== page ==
New Restrictions re Vehicles on Residential Property

multiple cars in driveway2

Many of the City’s by-laws regarding traffic, streets, parking meter and disability parking were created upwards of 40 years ago.  Much has changed over those four decades. The City of Winnipeg Public Service recently conducted a review and prepared the Enactment of a new Consolidated Parking By-Law and Amendment of the Voluntary Payment of Fines By-Law Report, recommending updates and consolidations to the by-laws.  As a result, there are many efficiencies and improvements being enacted, and a public awareness campaign will occur over the coming months.

SPECIFIC to the ongoing residential parking issues we are experiencing in the South Winnipeg-St. Norbert ward, many residential properties are being turned into virtual parking lots (around University of Manitoba and in nearby communities), with excessive numbers of vehicles being parked in these areas.

The new Winnipeg Parking By-Law will fundamentally change the way the City deals with excessive parking on private residential property in a positive and timely manner, as detailed below.

 

CURRENT PROCEDURE

A complaint would first have to be filed with 311:

  • In responding to the complaint, a City Zoning By-Law enforcement officer would serve the property owner, and then seek compliance of the owner to adhere to the number of vehicles allowed on residential property.
  • The Zoning By-law officer would then continue to return during weekday business hours to seek compliance of the owner.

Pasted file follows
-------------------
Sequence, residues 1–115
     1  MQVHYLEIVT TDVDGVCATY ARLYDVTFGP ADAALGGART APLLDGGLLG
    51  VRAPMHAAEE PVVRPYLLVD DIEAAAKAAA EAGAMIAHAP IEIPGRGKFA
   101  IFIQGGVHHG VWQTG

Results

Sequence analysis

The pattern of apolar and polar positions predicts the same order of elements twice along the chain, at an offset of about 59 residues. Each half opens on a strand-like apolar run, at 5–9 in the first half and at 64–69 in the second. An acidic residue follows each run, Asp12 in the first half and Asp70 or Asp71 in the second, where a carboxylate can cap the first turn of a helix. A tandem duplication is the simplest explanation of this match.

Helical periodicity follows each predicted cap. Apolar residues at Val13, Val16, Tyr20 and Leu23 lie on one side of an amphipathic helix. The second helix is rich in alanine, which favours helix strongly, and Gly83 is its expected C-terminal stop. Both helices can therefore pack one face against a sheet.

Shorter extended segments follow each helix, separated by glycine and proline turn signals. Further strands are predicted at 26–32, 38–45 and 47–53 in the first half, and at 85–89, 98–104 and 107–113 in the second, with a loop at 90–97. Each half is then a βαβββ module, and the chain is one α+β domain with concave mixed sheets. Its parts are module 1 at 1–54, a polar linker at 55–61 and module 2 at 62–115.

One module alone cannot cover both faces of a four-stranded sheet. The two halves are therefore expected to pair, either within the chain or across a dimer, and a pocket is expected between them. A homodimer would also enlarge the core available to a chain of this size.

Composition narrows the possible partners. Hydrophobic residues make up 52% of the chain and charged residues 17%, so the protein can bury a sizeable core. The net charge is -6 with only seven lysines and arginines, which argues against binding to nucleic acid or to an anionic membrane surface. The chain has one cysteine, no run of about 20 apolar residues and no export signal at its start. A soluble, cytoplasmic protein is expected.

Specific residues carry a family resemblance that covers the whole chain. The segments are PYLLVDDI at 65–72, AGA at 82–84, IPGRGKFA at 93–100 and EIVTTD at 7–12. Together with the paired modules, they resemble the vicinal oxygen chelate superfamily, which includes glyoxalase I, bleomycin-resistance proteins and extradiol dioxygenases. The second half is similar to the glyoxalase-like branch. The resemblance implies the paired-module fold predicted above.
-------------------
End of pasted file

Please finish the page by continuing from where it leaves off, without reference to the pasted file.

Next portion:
NEW PROCEDURE EFFECTIVE SEPTEMBER 1, 2016

The new Winnipeg Parking By-law will come into force on September 1, 2016*.  This will allow the following to occur:

  • Winnipeg Parking Authority (WPA) compliance officers will be able to investigate complaints about excessive parking on private property (ie: residential properties) 24/7 and 365 days of the year.
  • If WPA determines there are more vehicles parking on the property than the By-Law allows, WPA will now be able to issue a ticket to the vehicles rather than having to serve the property owner and ask for compliance.
  • It is anticipated that this will result in faster response to complaints, faster compliance by vehicle owners to comply to the By-Law, and a shorter wait time before fines have to be paid.
  • A promotional campaign will be launched in the coming months to increase awareness on this specific By-Law change.

*The proposed Winnipeg Parking By-law will come into force on September 1, 2016 when the Municipal By-law Enforcement Act is proclaimed into law which is anticipated to occur this summer.

 

HOW MANY VEHICLES ARE ALLOWED ON PRIVATE PROPERTY? 

Details are contained in Part 4. on Page 22 of the Enactment of a new Consolidated Parking By-Law and Amendment of the Voluntary Payment of Fines By-Law Report, as shown below:

PART 4 – RESTRICTIONS THAT APPLY TO VEHICLES ON RESIDENTIAL PROPERTY  

This Part applies to the parking and storage of vehicles on residential property with a single-family detached dwelling or a two-family dwelling as defined in section 48 of the Winnipeg Zoning By-law.

47 Definitions

“GVWR” means the gross vehicle weight rating of a vehicle as stated by the vehicle manufacturer, on a sign on the vehicle or in the vehicle registration.

“large truck” means a truck with a GVWR of more than 4,536 kg (10,000 lbs).

“large vehicle” means a vehicle, other than a recreational vehicle, that

(a) is a large truck; or

(b) has one or more of the following characteristics:

(i) tandem axles;

(ii) a passenger capacity in excess of 15 persons; or

(iii) dual wheels where the vehicle includes a flat deck or other form of utility deck; or

(c) can be generally described as

(i) a bus,

(ii) a limousine,

(ii) a cube van,

(iii) a dump truck, tow truck or flatbed truck, or

(iv) a tractor, trailer, or tractor-trailer combination.